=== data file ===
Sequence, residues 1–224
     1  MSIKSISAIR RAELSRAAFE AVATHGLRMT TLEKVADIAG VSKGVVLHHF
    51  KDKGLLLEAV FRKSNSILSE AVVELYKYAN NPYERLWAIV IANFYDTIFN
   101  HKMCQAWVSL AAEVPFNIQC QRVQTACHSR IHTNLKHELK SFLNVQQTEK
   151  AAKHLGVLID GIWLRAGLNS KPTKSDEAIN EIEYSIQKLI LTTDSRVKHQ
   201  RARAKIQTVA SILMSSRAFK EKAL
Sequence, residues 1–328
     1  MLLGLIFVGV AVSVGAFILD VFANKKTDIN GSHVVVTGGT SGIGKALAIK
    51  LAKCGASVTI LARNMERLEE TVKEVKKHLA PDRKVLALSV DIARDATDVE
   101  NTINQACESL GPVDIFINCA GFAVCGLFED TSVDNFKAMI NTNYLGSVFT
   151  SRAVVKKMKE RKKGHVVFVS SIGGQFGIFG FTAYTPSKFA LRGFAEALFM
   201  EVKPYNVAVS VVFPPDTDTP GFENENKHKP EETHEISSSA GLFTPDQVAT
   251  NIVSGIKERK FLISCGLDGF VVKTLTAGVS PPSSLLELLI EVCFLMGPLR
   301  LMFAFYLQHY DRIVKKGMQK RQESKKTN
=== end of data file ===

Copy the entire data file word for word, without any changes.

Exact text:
Sequence, residues 1–224
     1  MSIKSISAIR RAELSRAAFE AVATHGLRMT TLEKVADIAG VSKGVVLHHF
    51  KDKGLLLEAV FRKSNSILSE AVVELYKYAN NPYERLWAIV IANFYDTIFN
   101  HKMCQAWVSL AAEVPFNIQC QRVQTACHSR IHTNLKHELK SFLNVQQTEK
   151  AAKHLGVLID GIWLRAGLNS KPTKSDEAIN EIEYSIQKLI LTTDSRVKHQ
   201  RARAKIQTVA SILMSSRAFK EKAL
Sequence, residues 1–328
     1  MLLGLIFVGV AVSVGAFILD VFANKKTDIN GSHVVVTGGT SGIGKALAIK
    51  LAKCGASVTI LARNMERLEE TVKEVKKHLA PDRKVLALSV DIARDATDVE
   101  NTINQACESL GPVDIFINCA GFAVCGLFED TSVDNFKAMI NTNYLGSVFT
   151  SRAVVKKMKE RKKGHVVFVS SIGGQFGIFG FTAYTPSKFA LRGFAEALFM
   201  EVKPYNVAVS VVFPPDTDTP GFENENKHKP EETHEISSSA GLFTPDQVAT
   251  NIVSGIKERK FLISCGLDGF VVKTLTAGVS PPSSLLELLI EVCFLMGPLR
   301  LMFAFYLQHY DRIVKKGMQK RQESKKTN